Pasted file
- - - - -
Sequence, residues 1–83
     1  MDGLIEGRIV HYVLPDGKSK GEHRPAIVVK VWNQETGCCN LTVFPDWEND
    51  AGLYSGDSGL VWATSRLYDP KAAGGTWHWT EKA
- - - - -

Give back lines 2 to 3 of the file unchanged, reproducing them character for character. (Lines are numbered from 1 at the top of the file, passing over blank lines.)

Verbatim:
     1  MDGLIEGRIV HYVLPDGKSK GEHRPAIVVK VWNQETGCCN LTVFPDWEND
    51  AGLYSGDSGL VWATSRLYDP KAAGGTWHWT EKA